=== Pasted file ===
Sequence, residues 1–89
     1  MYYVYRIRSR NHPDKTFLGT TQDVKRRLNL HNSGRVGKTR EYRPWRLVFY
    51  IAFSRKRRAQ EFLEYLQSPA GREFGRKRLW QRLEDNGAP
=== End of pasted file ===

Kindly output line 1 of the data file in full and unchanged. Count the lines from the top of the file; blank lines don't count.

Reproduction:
Sequence, residues 1–89